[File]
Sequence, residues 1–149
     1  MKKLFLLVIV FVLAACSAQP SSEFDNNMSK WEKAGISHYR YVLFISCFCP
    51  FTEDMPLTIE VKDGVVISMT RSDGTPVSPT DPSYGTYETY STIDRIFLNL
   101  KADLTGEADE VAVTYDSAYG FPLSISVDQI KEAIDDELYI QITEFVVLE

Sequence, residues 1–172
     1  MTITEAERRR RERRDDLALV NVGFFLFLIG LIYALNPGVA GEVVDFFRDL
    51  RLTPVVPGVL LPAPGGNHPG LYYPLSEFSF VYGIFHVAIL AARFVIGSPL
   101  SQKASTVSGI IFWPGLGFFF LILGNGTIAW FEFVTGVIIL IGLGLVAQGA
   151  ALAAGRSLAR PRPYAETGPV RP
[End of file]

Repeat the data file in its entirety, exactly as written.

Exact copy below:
Sequence, residues 1–149
     1  MKKLFLLVIV FVLAACSAQP SSEFDNNMSK WEKAGISHYR YVLFISCFCP
    51  FTEDMPLTIE VKDGVVISMT RSDGTPVSPT DPSYGTYETY STIDRIFLNL
   101  KADLTGEADE VAVTYDSAYG FPLSISVDQI KEAIDDELYI QITEFVVLE

Sequence, residues 1–172
     1  MTITEAERRR RERRDDLALV NVGFFLFLIG LIYALNPGVA GEVVDFFRDL
    51  RLTPVVPGVL LPAPGGNHPG LYYPLSEFSF VYGIFHVAIL AARFVIGSPL
   101  SQKASTVSGI IFWPGLGFFF LILGNGTIAW FEFVTGVIIL IGLGLVAQGA
   151  ALAAGRSLAR PRPYAETGPV RP